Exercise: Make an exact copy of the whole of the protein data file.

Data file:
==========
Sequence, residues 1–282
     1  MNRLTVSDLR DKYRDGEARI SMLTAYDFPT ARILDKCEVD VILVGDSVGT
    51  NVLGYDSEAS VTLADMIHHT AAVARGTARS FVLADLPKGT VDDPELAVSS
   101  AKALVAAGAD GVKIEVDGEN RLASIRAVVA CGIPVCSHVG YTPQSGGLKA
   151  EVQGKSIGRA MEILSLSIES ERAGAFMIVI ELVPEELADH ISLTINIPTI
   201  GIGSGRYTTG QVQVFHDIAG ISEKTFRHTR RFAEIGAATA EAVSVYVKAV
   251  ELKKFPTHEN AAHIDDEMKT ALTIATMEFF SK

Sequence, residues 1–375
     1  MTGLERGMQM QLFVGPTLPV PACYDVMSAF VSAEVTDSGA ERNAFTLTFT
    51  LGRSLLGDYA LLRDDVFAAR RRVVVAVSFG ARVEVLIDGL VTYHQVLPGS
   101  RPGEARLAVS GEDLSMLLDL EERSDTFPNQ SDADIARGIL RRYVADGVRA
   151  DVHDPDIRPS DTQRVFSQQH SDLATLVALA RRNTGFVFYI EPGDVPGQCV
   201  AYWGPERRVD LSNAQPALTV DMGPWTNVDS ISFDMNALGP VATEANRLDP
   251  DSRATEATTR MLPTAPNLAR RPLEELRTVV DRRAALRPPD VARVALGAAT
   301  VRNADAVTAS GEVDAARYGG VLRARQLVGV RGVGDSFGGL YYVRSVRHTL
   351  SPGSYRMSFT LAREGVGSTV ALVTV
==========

Sequence, residues 1–282
     1  MNRLTVSDLR DKYRDGEARI SMLTAYDFPT ARILDKCEVD VILVGDSVGT
    51  NVLGYDSEAS VTLADMIHHT AAVARGTARS FVLADLPKGT VDDPELAVSS
   101  AKALVAAGAD GVKIEVDGEN RLASIRAVVA CGIPVCSHVG YTPQSGGLKA
   151  EVQGKSIGRA MEILSLSIES ERAGAFMIVI ELVPEELADH ISLTINIPTI
   201  GIGSGRYTTG QVQVFHDIAG ISEKTFRHTR RFAEIGAATA EAVSVYVKAV
   251  ELKKFPTHEN AAHIDDEMKT ALTIATMEFF SK

Sequence, residues 1–375
     1  MTGLERGMQM QLFVGPTLPV PACYDVMSAF VSAEVTDSGA ERNAFTLTFT
    51  LGRSLLGDYA LLRDDVFAAR RRVVVAVSFG ARVEVLIDGL VTYHQVLPGS
   101  RPGEARLAVS GEDLSMLLDL EERSDTFPNQ SDADIARGIL RRYVADGVRA
   151  DVHDPDIRPS DTQRVFSQQH SDLATLVALA RRNTGFVFYI EPGDVPGQCV
   201  AYWGPERRVD LSNAQPALTV DMGPWTNVDS ISFDMNALGP VATEANRLDP
   251  DSRATEATTR MLPTAPNLAR RPLEELRTVV DRRAALRPPD VARVALGAAT
   301  VRNADAVTAS GEVDAARYGG VLRARQLVGV RGVGDSFGGL YYVRSVRHTL
   351  SPGSYRMSFT LAREGVGSTV ALVTV